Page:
As I did not consider that I could take responsibility, during the years of struggle, of contracting a marriage, I have now decided, before the closing of my earthly career, to take as my wife that girl who, after many years of faithful friendship, entered, of her own free will, the practically besieged town in order to share her destiny with me. At her own desire she goes as my wife with me into death. It will compensate us for what we both lost through my work in the service of my people.

What I possess belongs - in so far as it has any value - to the Party. Should this no longer exist, to the State; should the State also be destroyed, no further decision of mine is necessary.

My paintings, in the collections which I have bought in the course of years, have never been collected for private purposes, but only for the extension of a gallery in my home town of Linz on Donau.

It is my most sincere wish that this bequest may be duly executed.

I nominate as my Executor my most faithful Party comrade,
Martin Bormann

He is given full legal authority to make all decisions.

He is permitted to take out everything that has a sentimental value or is necessary for the maintenance of a modest simple life, for my brothers and sisters, also above all for the mother of my wife and my faithful co-workers who are well known to him, principally my old Secretaries Frau Winter etc. who have for many years aided me by their work.

I myself and my wife - in order to escape the disgrace of deposition or capitulation - choose death. It is our wish to be burnt immediately on the spot where I have carried out the greatest part of my daily work in the course of a twelve years' service to my people.

Given in Berlin, 29th April 1945, 4:00 A.M.
[Signed] A. Hitler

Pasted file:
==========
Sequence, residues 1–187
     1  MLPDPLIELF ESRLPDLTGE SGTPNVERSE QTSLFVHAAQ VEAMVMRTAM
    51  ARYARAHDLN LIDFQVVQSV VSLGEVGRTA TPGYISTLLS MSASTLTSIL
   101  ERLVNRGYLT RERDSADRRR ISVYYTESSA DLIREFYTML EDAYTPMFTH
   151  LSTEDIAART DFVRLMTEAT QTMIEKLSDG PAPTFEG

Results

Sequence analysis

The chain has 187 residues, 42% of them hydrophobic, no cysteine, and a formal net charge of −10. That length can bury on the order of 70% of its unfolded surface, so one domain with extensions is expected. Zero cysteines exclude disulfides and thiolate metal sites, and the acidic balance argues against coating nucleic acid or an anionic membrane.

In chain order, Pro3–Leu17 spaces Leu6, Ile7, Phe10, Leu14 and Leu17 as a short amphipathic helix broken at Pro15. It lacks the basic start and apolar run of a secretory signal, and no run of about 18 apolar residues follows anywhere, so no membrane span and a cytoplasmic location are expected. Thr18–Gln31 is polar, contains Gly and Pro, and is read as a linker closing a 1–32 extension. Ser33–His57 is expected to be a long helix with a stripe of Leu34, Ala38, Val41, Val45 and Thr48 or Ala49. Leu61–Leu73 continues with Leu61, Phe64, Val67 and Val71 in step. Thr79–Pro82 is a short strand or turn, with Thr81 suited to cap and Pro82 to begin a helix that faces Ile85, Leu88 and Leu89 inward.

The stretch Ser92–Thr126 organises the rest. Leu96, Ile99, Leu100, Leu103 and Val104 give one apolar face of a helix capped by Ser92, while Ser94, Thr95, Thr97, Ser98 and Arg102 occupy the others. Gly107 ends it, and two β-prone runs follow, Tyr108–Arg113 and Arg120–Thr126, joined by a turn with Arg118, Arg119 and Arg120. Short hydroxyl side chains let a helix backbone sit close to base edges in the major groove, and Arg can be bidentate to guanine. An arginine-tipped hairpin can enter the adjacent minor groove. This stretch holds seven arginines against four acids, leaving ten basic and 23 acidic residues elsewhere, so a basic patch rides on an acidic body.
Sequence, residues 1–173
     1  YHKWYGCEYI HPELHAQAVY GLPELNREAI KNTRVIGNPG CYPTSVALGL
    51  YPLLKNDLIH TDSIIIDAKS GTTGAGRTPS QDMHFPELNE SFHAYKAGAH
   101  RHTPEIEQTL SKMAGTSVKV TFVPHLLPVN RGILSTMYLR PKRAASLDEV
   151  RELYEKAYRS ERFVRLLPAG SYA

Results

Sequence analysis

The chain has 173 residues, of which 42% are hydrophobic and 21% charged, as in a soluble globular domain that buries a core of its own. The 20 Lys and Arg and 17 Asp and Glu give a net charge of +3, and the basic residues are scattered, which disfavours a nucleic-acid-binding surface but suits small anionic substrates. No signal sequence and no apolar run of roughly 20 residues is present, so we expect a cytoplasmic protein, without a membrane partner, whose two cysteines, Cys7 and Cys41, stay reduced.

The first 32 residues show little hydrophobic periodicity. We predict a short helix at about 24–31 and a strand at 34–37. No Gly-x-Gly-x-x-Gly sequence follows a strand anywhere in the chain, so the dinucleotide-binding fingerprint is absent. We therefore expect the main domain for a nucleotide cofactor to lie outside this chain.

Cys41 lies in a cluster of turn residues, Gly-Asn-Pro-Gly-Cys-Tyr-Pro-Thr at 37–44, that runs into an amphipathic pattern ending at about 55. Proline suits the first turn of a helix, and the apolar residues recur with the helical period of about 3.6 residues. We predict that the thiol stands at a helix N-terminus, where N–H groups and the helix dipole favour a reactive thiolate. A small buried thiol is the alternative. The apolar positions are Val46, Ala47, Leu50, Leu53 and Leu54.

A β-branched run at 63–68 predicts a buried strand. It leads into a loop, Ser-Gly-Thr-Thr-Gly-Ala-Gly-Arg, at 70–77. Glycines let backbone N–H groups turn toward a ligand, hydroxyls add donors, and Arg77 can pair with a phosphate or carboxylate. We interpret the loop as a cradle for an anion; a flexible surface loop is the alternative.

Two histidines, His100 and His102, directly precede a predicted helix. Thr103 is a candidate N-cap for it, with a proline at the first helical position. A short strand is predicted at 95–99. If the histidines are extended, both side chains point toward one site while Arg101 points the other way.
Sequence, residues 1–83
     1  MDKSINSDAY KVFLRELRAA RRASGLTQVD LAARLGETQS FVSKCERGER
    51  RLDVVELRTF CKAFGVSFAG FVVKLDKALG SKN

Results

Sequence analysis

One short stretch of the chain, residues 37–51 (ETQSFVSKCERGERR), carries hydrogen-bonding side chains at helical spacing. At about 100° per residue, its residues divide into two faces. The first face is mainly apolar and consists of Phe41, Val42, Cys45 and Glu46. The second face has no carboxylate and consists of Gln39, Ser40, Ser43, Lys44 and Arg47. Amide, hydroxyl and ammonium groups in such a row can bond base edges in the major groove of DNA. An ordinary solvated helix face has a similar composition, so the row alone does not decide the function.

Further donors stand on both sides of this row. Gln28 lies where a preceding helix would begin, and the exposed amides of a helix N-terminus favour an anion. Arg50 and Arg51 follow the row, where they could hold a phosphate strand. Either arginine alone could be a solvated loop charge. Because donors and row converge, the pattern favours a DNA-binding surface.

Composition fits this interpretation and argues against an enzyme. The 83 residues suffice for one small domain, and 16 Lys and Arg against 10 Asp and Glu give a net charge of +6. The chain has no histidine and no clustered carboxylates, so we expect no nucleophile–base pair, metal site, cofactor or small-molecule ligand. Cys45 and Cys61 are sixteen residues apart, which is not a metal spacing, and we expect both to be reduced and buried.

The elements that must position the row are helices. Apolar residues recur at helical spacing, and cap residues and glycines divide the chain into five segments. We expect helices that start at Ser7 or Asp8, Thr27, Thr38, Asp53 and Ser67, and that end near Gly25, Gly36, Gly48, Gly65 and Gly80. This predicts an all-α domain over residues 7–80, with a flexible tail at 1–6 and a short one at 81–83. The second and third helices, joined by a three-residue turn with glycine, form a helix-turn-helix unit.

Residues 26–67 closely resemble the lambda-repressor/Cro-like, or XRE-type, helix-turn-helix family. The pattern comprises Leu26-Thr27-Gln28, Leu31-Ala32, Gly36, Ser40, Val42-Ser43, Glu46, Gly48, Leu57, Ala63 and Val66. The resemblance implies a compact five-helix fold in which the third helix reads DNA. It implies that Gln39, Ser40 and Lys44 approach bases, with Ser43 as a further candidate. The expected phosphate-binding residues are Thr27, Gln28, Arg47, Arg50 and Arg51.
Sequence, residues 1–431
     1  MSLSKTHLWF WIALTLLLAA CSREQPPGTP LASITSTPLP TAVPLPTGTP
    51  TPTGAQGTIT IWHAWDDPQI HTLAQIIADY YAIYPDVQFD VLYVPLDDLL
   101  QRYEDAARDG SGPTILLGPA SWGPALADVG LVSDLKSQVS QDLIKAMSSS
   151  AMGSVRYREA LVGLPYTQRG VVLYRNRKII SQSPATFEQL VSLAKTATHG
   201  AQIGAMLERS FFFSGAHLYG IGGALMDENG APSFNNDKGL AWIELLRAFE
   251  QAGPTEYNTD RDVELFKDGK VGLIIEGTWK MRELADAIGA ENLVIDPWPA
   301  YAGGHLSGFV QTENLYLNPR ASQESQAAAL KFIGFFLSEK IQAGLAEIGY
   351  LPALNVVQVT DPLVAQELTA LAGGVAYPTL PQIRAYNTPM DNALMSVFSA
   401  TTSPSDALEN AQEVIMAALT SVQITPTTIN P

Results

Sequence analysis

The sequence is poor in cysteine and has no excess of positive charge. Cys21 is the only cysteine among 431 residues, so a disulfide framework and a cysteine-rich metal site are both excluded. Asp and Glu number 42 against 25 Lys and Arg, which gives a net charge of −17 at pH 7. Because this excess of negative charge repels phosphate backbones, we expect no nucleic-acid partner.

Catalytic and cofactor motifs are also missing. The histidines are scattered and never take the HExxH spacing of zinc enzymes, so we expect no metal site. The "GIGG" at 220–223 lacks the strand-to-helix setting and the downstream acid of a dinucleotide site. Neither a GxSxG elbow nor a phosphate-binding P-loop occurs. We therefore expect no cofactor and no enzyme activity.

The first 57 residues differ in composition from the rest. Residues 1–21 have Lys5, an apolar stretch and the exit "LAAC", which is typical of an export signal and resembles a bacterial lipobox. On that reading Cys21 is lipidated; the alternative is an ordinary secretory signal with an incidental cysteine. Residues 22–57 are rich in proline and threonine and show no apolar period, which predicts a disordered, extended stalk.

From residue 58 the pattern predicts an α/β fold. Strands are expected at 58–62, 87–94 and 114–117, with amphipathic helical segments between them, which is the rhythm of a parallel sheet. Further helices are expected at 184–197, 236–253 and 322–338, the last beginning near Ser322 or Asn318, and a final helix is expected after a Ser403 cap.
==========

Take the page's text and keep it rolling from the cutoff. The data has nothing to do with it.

Dr. Joseph Goebbels
Martin Bormann
Colonel Nicholaus von Below

First Part of the Political Testament

More than thirty years have now passed since I in 1914 made my modest contribution as a volunteer in the First World War that was forced upon the Reich.

In these three decades I have been actuated solely by love and loyalty to my people in all my thoughts, acts, and life. They gave me the strength to make the most difficult decisions which have ever confronted mortal man. I have spent my time, my working strength, and my health in these three decades.

It is untrue that I or anyone else in Germany wanted the war in 1939. It was desired and instigated exclusively by those international statesmen who were either of Jewish descent or worked for Jewish interests. I have made too many offers for the control and limitation of armaments, which posterity will not for all time be able to disregard for the responsibility for the outbreak of this war to be laid on me. I have further never wished that after the first fatal world war a second against England, or even against America, should break out. Centuries will pass away, but out of the ruins of our towns and monuments the hatred against those finally responsible whom we have to thank for everything, International Jewry and its helpers, will grow.

Three days before the outbreak of the German-Polish war I again proposed to the British ambassador in Berlin a solution to the German-Polish problem - similar to that in the case of the Saar district, under international control. This offer also cannot be denied. It was only rejected because the leading circles in English politics wanted the war, partly on account of the business hoped for and partly under influence of propaganda organized by International Jewry.

I have also made it quite plain that, if the nations of Europe are again to be regarded as mere shares to be bought and sold by these international conspirators in money and finance, then that race, Jewry, which is the real criminal of this murderous struggle, will be saddled with the responsibility. I further left no one in doubt that this time not only would millions of children of Europe's Aryan people die of hunger, not only would millions of grown men suffer death, and not only hundreds of thousands of women and children be burnt and bombed to death in the towns, without the real criminal having to atone for this guilt, even if by more humane means.

After six years of war, which in spite of all setbacks, will go down one day in history as the most glorious and valiant demonstration of a nation's life purpose, I cannot forsake the city which is the capital of this Reich. As our forces are too small to make any further stand against the enemy attack at this place and since our resistance is gradually being weakened by men who are as deluded as they are lacking in initiative, I should like, by remaining in this town, to share my fate with those, the millions of others, who have also taken upon themselves to do so. Moreover I do not wish to fall into the hands of an enemy who requires a new spectacle organized by the Jews for the amusement of their hysterical masses.